Oil-shale engine is still just idling

As anticipated, the Bureau of Land Management released its final draft last week of a plan to allow the leasing of federal lands in Colorado, Utah and Wyoming for commercial oil shale development.

Also as expected, the plan has reignited the political fight between those who want to see more research on oil shale before commercial leasing is allowed, and those who favor a pedal-to-the-metal approach to oil shale development.

The one thing the BLM plan won’t do — despite the claims of some folks from Washington to Colorado — is hasten the day when a commercial oil-shale industry is operating in the West. And that’s not because a moratorium in Congress will prevent further action on the federal leasing — at least until Oct. 1 and for much longer if Gov. Bill Ritter, Sen. Ken Salazar and 2nd District Rep. Mark Udall have their way.

Rather, it is technology that is holding up commercial development of oil shale, and nearly everyone who has been paying attention to the industry knows it. For instance, Shell Oil, the leader in new oil shale technology, has said it won’t be ready until at least 2015 to decide whether to move from its current research stage to a commercial oil-shale operation. And if it decides a commercial operation is feasible, it could be a decade after that before production occurs in commercial quantities.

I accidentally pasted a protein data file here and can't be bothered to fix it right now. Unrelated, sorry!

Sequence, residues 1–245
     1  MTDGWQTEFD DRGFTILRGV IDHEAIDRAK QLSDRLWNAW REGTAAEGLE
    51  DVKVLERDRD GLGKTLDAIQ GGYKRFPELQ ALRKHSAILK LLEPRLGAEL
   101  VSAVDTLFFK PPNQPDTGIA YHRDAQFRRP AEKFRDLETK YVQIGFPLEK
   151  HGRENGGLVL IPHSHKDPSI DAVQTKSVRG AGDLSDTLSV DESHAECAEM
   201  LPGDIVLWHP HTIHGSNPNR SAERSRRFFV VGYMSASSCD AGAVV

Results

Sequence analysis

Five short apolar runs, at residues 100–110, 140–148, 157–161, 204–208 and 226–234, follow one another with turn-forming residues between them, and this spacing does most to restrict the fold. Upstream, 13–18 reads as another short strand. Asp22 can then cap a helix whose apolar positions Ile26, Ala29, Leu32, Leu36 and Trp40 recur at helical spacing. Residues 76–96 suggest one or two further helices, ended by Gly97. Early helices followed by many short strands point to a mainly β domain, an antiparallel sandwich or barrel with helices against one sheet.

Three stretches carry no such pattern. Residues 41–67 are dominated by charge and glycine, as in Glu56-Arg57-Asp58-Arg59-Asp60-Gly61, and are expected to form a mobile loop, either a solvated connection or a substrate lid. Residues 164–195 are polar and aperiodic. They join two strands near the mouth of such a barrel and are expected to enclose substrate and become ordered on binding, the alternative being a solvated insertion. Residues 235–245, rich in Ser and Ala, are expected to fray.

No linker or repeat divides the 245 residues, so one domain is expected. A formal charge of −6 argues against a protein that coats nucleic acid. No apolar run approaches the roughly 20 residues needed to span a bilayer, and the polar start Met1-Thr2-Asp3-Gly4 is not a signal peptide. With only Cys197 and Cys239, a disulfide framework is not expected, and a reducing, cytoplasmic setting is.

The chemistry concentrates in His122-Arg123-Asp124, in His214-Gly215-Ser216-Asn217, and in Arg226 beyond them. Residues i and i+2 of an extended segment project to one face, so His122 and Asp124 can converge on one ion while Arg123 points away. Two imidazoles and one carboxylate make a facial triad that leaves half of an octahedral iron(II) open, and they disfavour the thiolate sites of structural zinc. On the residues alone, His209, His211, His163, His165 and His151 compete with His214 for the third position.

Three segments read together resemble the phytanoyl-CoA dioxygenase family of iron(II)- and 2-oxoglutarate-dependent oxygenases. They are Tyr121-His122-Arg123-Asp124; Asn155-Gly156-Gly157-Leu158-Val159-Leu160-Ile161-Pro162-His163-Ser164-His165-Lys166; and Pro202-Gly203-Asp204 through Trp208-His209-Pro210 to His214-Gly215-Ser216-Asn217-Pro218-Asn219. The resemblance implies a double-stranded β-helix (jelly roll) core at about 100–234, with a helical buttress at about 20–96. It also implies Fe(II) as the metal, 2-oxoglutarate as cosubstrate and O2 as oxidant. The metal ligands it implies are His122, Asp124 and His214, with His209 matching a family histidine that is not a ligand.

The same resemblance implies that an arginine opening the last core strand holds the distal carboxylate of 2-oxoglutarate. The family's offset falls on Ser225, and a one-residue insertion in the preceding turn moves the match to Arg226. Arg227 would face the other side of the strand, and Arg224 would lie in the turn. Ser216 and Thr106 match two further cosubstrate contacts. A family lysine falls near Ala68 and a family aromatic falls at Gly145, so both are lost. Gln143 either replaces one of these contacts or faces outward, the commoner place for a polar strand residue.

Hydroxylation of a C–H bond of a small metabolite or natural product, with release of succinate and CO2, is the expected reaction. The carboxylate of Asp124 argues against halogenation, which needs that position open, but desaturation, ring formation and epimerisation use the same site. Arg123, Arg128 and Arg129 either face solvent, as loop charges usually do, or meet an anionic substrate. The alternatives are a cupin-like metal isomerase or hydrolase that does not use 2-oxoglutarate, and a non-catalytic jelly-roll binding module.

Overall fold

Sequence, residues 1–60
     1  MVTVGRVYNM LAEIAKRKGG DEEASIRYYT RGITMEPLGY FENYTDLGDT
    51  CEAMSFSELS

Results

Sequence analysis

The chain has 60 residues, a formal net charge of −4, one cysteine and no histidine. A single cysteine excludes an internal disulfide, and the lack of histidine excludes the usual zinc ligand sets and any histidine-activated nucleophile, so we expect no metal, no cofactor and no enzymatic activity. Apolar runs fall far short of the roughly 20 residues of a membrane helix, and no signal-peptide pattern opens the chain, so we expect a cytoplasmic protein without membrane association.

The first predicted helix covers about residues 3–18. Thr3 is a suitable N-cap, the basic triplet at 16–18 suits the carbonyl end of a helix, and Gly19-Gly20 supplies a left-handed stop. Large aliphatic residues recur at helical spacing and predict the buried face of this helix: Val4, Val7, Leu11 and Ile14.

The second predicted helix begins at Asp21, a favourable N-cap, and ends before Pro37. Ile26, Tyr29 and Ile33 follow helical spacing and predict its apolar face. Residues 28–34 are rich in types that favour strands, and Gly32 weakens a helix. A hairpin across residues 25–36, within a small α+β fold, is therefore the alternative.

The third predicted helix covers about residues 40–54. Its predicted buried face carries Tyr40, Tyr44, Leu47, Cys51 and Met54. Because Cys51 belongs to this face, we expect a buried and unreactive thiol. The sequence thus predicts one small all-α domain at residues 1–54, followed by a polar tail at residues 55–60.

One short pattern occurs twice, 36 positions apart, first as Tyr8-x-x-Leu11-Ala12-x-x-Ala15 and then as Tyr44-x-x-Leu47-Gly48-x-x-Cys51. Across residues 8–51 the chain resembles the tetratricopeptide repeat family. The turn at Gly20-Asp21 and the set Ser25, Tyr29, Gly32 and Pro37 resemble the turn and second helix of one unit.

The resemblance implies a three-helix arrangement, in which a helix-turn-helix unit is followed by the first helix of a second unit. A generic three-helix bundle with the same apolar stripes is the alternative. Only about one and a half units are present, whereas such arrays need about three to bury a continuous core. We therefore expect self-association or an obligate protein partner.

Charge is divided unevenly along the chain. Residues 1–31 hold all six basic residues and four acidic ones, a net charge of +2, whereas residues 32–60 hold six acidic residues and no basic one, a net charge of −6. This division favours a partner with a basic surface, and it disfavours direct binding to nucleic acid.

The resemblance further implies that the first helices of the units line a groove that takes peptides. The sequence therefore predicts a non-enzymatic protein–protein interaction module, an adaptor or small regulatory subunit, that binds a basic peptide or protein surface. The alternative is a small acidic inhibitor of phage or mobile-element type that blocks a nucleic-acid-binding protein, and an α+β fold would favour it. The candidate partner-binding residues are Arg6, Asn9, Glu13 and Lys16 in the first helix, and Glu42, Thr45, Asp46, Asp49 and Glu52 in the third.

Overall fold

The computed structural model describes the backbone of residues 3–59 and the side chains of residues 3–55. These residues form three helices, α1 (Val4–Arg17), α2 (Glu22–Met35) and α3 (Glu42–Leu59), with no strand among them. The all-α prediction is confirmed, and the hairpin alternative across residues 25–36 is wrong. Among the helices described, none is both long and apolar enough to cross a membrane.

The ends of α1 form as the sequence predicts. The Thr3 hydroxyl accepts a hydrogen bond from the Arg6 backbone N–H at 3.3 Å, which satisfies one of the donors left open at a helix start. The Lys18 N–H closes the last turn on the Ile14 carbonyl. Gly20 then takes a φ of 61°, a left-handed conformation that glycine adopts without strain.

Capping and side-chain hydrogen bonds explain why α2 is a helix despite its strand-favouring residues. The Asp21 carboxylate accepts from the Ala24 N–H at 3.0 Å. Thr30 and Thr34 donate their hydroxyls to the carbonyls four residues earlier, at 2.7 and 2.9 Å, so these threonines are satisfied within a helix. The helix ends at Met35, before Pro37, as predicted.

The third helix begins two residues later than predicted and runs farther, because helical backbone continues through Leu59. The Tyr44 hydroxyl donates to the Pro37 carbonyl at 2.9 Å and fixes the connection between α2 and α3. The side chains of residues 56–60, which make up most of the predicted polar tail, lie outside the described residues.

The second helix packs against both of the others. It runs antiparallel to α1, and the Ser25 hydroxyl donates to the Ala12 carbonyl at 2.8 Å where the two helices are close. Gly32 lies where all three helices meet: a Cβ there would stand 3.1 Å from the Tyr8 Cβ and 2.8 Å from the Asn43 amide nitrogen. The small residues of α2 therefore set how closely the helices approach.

We agree with Ritter, Salazar and Udall that it doesn’t make sense to authorize leasing of federal lands now for commercial oil-shale development when there are so many unknowns about the technology and how it will affect the environment, water supplies and communities in this region. Heck, even the Bush administration’s Environmental Protection Agency and the U.S. Fish and Wildlife Service have found it difficult to assess the impact of the BLM leasing plan because of the technological uncertainty.

No problem. The BLM moved from a draft plan in July to a final plan last week with barely a nod toward such concerns.

The plan does one thing we believe is important to establish now. It sets a formula for royalty payments oil companies will have to make when and if they reach the stage of commercial production of oil shale. That’s critical as companies consider investments in still uncertain methods for turning oil shale into usable fuel.

If the effort to extend the leasing moratorium in Congress beyond Oct. 1 fails, the way may soon be clear for the BLM to lease 360,000 acres in Colorado for commercial oil shale operations. But nobody should be under any illusion that such action will move the oil shale industry into high gear.


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